In 1967 and 1968, she conducted a series of interviews with the vice president of Guatemala Clemente Marroquín Rojas and though she did not necessarily agree with his politics she found him an interesting personality. In 1968, she published a biography of him and was awarded the Honduran National Literature Prize "Ramón Rosa" and admitted to the Academia Hondureña de la Lengua,[7] as well as receiving the "Order Cruzeiro do Sud" from the government of Brazil.[2] In 1971, she began the magazine Revista Istmeña and serialized a novel, Su hora under the pseudonym "Suki Yoto". In 1986, the novel would be published under the name Caoba y orquídeas: novela. In 1973, she published Aquel año rojo: novela and in June of that year was nominated as a candidate for the Nobel Prize for Literature. Her nomination was accepted and she was an official candidate for the 1974 award.[7] Díaz Lozano is the only Central American Woman whose works have been an official candidate for the Nobel Prize of Literature.[9][10]

After the 1976 Guatemala earthquake, Díaz Lozano made her home in Antwerp and traveled back and forth between Belgium and Guatemala, continuing to publish into the 1990s. In February, 1999 she decided to make a trip to visit her homeland in Honduras.[7]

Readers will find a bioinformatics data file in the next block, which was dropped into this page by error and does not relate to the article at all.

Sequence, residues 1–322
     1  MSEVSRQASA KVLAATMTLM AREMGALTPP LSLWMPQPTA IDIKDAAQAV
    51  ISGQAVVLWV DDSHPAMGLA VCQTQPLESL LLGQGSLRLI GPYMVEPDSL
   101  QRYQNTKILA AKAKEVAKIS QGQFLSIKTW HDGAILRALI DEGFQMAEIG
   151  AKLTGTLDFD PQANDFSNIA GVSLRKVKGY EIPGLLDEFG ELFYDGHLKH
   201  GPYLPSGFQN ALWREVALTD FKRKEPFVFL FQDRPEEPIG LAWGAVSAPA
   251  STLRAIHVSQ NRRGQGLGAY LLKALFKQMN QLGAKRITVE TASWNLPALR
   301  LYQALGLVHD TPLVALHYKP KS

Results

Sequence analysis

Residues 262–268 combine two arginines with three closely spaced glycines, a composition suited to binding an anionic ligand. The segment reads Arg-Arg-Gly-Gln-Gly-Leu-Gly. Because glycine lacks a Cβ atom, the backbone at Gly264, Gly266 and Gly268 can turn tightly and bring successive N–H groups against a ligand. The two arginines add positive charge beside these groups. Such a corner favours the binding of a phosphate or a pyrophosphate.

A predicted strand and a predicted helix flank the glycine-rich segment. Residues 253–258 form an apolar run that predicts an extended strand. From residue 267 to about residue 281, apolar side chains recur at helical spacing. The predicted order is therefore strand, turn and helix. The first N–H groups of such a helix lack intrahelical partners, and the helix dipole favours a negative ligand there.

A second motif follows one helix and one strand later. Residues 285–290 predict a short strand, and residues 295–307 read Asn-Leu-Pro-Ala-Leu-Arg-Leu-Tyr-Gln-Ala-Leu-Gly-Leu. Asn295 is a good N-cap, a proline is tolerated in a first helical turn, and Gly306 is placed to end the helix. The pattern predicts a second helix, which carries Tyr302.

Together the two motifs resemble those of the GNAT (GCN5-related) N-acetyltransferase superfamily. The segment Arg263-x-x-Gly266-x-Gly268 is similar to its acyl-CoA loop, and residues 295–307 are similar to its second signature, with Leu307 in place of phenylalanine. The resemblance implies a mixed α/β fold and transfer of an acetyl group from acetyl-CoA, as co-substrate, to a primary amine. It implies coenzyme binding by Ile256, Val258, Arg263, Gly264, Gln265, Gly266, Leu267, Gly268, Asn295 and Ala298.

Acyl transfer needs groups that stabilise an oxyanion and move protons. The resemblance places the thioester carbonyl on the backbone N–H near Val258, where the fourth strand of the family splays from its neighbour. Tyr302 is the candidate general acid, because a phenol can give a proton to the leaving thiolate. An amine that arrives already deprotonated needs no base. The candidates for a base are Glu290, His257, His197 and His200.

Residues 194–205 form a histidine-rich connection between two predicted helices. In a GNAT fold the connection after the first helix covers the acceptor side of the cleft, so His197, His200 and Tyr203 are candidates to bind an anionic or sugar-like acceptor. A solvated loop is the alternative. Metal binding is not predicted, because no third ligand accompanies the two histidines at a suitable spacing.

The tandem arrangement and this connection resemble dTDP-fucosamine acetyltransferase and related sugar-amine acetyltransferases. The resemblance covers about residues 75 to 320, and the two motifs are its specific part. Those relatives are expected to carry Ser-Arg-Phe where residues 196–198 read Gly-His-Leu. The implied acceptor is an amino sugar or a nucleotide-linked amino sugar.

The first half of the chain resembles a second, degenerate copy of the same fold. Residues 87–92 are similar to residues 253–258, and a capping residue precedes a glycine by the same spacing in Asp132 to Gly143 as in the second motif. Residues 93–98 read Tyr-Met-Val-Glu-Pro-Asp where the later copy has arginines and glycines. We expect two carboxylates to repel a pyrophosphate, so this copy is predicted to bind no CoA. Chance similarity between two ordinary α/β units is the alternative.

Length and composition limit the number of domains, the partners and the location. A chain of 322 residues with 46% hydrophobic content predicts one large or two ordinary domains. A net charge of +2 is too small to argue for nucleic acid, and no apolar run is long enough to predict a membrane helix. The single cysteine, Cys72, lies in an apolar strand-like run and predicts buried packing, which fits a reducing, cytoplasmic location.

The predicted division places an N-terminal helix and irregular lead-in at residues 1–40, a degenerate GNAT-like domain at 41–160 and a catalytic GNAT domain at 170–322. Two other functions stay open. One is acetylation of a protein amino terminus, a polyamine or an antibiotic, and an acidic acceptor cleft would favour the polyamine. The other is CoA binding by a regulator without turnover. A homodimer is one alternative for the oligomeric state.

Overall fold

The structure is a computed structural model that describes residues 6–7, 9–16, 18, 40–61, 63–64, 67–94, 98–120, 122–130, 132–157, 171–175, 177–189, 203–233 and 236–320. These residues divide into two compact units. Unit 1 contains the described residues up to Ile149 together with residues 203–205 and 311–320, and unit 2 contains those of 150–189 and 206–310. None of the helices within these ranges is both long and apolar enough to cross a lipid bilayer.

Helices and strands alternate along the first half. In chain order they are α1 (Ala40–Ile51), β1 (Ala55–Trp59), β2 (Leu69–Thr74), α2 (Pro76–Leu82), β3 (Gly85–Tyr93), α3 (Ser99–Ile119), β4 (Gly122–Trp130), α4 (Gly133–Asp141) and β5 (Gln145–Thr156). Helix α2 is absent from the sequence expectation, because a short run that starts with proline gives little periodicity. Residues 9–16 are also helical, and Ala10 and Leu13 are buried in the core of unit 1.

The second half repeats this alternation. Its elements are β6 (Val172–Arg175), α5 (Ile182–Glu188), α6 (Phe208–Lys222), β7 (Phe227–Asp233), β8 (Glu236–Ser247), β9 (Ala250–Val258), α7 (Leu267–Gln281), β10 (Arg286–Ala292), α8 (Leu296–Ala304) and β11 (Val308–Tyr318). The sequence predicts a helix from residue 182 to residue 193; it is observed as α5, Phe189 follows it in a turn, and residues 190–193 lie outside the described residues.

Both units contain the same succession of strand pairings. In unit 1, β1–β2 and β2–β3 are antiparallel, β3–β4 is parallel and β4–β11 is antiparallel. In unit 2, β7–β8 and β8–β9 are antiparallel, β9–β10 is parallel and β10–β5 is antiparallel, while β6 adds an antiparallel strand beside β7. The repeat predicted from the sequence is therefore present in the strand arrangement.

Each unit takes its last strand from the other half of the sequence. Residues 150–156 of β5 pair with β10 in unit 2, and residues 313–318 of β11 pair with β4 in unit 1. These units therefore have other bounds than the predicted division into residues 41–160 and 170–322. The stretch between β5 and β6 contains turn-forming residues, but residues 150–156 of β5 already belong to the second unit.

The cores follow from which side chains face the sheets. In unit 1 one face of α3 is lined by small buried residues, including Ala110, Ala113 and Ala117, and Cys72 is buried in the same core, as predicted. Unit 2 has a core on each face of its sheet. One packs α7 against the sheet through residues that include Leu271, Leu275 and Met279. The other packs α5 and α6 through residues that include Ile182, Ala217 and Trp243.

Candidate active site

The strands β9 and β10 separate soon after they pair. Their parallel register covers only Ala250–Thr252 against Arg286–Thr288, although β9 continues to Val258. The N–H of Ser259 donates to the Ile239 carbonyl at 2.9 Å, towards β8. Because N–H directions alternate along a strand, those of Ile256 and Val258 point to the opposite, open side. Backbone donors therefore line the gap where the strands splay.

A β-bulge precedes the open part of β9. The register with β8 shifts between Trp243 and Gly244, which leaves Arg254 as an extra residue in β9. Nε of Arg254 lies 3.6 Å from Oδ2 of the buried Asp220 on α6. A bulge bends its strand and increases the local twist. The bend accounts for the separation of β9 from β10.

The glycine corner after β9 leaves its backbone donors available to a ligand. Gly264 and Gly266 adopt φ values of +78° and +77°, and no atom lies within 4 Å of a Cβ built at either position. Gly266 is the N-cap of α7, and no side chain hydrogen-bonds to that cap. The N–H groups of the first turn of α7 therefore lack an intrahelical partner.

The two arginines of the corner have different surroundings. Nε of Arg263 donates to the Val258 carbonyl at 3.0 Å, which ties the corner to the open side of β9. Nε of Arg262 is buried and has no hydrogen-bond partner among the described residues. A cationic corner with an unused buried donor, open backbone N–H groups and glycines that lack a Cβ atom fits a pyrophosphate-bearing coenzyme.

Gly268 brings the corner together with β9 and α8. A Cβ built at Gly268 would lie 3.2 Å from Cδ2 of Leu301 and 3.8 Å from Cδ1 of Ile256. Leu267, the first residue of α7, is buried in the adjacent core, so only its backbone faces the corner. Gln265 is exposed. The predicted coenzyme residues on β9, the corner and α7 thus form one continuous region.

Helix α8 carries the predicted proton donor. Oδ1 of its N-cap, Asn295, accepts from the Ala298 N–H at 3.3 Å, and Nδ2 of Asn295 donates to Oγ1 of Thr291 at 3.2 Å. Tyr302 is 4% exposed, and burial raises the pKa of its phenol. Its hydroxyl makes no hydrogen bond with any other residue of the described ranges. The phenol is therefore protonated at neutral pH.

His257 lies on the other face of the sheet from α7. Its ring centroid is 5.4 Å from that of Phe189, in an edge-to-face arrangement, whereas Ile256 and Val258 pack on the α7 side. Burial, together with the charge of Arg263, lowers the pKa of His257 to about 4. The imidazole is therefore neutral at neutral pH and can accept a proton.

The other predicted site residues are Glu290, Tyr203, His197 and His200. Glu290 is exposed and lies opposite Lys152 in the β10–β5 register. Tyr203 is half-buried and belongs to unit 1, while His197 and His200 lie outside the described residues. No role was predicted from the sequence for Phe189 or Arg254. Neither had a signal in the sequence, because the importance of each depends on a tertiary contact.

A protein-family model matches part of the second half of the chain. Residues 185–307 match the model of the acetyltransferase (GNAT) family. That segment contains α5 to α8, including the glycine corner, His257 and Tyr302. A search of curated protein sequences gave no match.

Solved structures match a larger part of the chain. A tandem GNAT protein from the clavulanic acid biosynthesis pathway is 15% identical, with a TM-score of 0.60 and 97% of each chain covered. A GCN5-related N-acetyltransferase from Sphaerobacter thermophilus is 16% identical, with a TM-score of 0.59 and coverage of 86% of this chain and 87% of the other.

Díaz Lozano died on 13 August 1999 in Tegucigalpa, Honduras.[1]


  • 1944: Best Novel, Peregrinaje, Latin American Novel Contest Pan-American Union and Farrar & Rinehart[2]
  • 1964: Book of the Year, Mansión in la bruma, Golden Quetzel (Guatemala)[2]
  • 1968: Honduran National Literature Prize "Ramón Rosa" and admitted to the Academia Hondureña de la Lengua[7]
  • 1968: Order Cruzeiro do Sud, Brazil
  • 1974 Considered for a Nobel Prize for Literature

Selected worksEdit

  • Perlas de mi rosario (cuentos) Tegucigalpa, Honduras: Talleres Tipográficos Nacionales (1930) (in Spanish)
  • Luz en la senda, novela Honduras: Tipográficos Nacionales, (1937) (in Spanish)
  • Método de mecanografía al tacto Guatemala: Talleres del Centro editorial (1939) (in Spanish)
  • Topacios, cuentos Tegucigalpa, Honduras: Editorial Calderón (1940) (in Spanish)
  • Peregrinaje Santiago, Chile: Zig-Zag (1944) (in Spanish)
  • Enriqueta and I New York: Farrar & Rinehart, Inc. (1944) (in English)
  • Mayapán: novela histórica Guatemala: Editorial del Ministerio de Educación Pública (1950) (In Spanish) (Reprinted in English by Indian Hills, Colorado: Falcon's Wing Press (1955))
  • 49 días en la vida una mujer: novela histórica México: Editora Latino Americana (1956) (in Spanish)
  • Amberes en mis sueños Antwerp: s.n., (1960) (in Spanish)
  • Il faut vivre Brussels: Simone Eve Landercy (1960) (in French)
  • Sandalias sobre Europa Guatemala: Asociación de Autores y Amigos del Libro Nacional (1964) (in Spanish)
  • La maison dans la brume: roman Brussels: Simone Eve Landercy (1964) (in French)
  • Fuego en la ciudad; novela histórica México: B. Costa-Amie (1966) (in Spanish)
  • Aquí viene un hombre; biografía de Clemente Marroquín Rojas, político, periodista y escritor de Guatemala México: B. Costa-Amie (1968) (in Spanish)
  • Aquel año rojo: novela México: B. Costa-Amic (1973) (in Spanish)